Dear Superinvestor Bulletin Follower,
The reason that everyone is always in awe of Seth Klarman's long term investment performance record is that he has achieved it with the drag of a huge cash weighting.
Of course Klarman is aware that his significant cash weighting isn't a drag, instead having that dry powder is a valuable weapon.
Hayden Capital is a firm with a much shorter track record, but a track record of beating the market while carrying a lot of cash nonetheless.
Here is their Q2 investor letter:
In the letter Hayden details this new position....
JD.com (JD): Over the last few months, we have been building a new position in JD. JD.com is China’s largest business-to-consumer (“B2C”) company, and expected to achieve over $50BN in sales this year.
Our thesis for the company is consistent with our broader e-commerce framework – where retail is essentially a logistics business, and those with the lowest cost structure (and therefore passing on lower prices to consumers) will win.
Commonly known as the “Amazon of China,” JD has been doing just that. In the last few years, the company has been rapidly taking market share from Alibaba based upon its promise of faster delivery times, authentic quality products, and great customer service.
The key to this is JD’s one-of-a-kind logistics network, first built in 2007. In 2007, China’s logistics industry was extremely fragmented (and still is), with thousands of delivery operators – many of them under a franchised model. There wasn’t a UPS or Fedex to manage the solution from end-to-end.
Because of this, the biggest complaint from customers was that of slow shipping times and even packages which never arrived. Seeing this bottleneck to customer satisfaction, JD recognized an opportunity and chose to build one itself.
Over the last 10 years, JD has invested billions into its logistics network. This has allowed the creation of initiatives such as the “211 program,” where orders placed before 11am are delivered the same day, and orders placed by 11pm are delivered by 3pm the next day. Lately, JD has even begun wide-spread drone deliveries and is the first in the world to do so (OTC:LINK).
Alibaba on the other hand, still relies upon a partnership of third-party carriers (each with their own incentives and reluctance to help one another), to deliver its packages.
This type of instant gratification is habit-forming, and very hard for competitors to replicate. After Amazon Prime popularized two-day shipping, it forced many competitors to step up their game as well (and incurring higher costs in the process). It’s hard to go back to waiting a week for your laundry detergent, when you can have it the same day via Amazon Prime Now or JD.com.
This instant gratification and higher expectations are becoming the norm in China, as domestic consumption picks up and consumers become wealthier. GDP per capita is growing over 6% a year, and has increased from just $2K per person to over $8K per person in the last decade. On top of this, JD’s customers skew much higher (+$15K), typically focused on the higher-income, urban households. As these trends take place, consumers are increasingly looking for authentic brand-name goods, and better service (quick delivery, hasslefree returns, etc). JD is well positioned to capitalize upon this trend.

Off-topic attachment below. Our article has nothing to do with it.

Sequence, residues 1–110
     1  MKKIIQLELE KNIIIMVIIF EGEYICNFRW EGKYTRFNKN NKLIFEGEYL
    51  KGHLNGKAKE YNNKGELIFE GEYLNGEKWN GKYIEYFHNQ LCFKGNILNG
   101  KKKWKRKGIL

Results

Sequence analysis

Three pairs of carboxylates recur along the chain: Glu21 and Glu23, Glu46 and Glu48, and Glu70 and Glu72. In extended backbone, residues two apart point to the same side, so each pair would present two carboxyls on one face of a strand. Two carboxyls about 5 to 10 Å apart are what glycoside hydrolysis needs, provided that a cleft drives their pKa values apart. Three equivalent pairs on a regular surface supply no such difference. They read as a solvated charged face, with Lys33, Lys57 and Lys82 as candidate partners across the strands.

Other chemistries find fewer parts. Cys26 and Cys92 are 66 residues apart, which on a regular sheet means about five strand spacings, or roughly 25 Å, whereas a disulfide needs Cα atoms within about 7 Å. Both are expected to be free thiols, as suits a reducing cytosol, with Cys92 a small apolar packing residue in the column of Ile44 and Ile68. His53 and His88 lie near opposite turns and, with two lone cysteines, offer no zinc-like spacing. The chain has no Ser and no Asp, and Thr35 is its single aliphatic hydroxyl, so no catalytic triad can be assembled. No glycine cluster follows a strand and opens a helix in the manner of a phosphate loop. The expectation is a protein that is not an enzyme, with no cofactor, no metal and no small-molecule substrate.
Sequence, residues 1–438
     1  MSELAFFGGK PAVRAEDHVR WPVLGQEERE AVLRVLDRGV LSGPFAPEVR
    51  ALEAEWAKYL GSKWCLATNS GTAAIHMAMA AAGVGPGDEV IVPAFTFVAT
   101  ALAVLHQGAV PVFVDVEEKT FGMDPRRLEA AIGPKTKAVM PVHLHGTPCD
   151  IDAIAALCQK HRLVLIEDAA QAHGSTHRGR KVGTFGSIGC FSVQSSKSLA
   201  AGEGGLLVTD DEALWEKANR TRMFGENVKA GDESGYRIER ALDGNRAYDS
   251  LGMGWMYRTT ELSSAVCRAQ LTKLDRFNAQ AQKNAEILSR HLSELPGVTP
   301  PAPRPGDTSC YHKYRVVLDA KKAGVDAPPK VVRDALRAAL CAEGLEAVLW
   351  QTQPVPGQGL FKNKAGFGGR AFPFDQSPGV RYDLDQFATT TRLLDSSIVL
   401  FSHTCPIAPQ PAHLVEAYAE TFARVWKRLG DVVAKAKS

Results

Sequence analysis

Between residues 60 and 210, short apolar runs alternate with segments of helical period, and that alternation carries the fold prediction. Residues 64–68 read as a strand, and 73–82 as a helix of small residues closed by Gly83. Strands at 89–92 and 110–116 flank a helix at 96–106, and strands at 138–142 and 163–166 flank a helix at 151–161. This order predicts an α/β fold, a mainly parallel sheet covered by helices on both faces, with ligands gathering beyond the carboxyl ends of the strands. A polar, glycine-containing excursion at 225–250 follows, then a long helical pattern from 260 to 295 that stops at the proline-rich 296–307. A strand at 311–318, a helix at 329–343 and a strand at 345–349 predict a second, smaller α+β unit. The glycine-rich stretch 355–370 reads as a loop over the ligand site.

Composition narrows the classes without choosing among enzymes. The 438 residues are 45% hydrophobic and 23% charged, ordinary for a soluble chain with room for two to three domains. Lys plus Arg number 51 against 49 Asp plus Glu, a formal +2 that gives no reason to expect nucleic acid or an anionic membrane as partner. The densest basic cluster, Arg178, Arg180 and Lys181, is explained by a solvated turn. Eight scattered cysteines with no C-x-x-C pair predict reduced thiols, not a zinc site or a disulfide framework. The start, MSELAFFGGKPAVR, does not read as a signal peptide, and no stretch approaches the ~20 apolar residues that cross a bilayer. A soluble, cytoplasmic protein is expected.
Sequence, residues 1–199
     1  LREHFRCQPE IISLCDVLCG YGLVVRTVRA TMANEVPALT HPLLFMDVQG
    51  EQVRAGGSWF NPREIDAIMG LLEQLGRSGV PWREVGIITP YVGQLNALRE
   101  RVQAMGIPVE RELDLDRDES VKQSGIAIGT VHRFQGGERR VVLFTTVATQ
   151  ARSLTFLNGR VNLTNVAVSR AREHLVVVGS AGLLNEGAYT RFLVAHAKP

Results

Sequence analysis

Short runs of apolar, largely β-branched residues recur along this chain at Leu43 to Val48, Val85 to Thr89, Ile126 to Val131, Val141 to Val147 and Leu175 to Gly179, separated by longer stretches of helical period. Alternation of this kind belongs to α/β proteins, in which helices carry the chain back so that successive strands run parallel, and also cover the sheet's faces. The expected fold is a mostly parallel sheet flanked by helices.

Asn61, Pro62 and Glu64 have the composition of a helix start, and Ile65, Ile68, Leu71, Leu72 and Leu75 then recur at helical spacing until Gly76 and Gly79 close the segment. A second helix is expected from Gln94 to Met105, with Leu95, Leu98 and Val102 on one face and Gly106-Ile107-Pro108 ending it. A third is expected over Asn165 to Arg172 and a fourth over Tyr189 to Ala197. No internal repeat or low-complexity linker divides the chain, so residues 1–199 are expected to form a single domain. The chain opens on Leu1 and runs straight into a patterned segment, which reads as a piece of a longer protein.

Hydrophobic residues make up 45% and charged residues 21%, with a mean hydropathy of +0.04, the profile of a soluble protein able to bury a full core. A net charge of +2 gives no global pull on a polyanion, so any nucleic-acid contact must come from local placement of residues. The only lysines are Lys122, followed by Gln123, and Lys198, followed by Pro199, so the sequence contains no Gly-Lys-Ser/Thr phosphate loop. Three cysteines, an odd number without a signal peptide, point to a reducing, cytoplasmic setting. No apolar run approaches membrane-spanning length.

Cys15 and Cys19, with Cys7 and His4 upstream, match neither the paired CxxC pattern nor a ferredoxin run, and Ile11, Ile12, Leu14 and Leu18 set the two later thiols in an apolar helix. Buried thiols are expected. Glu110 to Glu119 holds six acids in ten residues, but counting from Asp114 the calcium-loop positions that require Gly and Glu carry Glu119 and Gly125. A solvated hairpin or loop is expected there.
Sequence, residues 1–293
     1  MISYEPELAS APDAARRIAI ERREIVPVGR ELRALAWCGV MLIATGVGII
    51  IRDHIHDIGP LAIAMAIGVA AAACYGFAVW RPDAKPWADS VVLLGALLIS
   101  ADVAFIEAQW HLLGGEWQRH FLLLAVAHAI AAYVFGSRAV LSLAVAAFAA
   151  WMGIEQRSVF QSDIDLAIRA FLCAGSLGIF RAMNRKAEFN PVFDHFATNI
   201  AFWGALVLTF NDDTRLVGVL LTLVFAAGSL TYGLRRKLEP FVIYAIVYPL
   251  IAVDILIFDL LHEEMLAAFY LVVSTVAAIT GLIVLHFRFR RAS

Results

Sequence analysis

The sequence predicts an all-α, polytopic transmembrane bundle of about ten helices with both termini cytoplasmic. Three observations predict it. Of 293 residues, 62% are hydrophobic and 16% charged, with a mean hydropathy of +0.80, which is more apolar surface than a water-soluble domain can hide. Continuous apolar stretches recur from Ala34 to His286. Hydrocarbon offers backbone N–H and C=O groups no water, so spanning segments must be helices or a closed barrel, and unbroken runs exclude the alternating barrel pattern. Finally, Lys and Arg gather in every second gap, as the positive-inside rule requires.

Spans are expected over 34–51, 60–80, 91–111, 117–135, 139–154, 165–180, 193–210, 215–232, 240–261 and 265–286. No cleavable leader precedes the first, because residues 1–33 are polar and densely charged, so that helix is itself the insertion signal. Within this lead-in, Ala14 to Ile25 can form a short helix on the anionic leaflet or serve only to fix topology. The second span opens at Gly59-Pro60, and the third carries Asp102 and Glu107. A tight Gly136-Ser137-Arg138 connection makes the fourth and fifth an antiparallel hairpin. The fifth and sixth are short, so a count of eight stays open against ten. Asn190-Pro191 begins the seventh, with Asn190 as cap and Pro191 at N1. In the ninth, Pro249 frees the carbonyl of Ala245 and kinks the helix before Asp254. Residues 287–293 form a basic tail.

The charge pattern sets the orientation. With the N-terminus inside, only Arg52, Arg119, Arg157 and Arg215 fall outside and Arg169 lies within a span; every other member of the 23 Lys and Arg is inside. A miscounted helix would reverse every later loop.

Evidence can be seen in JD’s market share gains, which have steadily grown 3 - 4% a year. Recently it reached 25% of China’s B2C market in 2016, vs. Alibaba’s 57%. This is a 47% increase from just 3 years ago, when JD only had 17% share.
On top of this, China’s broader e-commerce industry is growing at 19% y/y. The company is successfully taking a bigger piece of a rapidly growing pie.
In terms of the stock / market dynamics, there seems to be a large opportunity in US-listed Chinese ADRs. From my conversations with US-based investors, the vast majority seem scared to invest in Chinese companies, due to concerns about fraud, lack of knowledge of the market, Variable Interest Entity structures, macro concerns, etc. The reputation of Chinese reverse-merger frauds from the 2009-11, seemed to have created a narrative that all Chinese companies are to be avoided (despite JD being one of China’s largest tech companies, versus the fraudulent sub-$100M stocks of the early 2010’s).
In addition to these conversations, the “narrative” can also be seen when examining the top holders of USlisted Chinese names. Except for one large hedge fund family, there are few Western investors in these stocks (the list is almost entirely Asia dedicated funds). On the flip side, the Chinese customers who know and use these companies every day are unable to invest, due to capital controls restricting funds from going outside China.
This creates a favorable dynamic – one where the highest quality Chinese companies are without a natural shareholder base, resulting in very attractive valuations.
Where else can you find the #2 e-commerce company, serving the world’s largest population, with a highly loyal customer base, huge logistics advantage, and strong industry tail-wind (19% y/y growth)… all trading at 1x EV / Sales (~20x long-term EBIT), and growing at 40% y/y?
We were able to acquire shares of JD.com at an average cost of ~$37.
At the risk of looking foolish, I’ll go on record and say I believe there’s a good chance JD can become the #1 Chinese online retailer within the next ten years.
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Editor, The Superinvestor Bulletin
Disclosure: I/we have no positions in any stocks mentioned, and no plans to initiate any positions within the next 72 hours.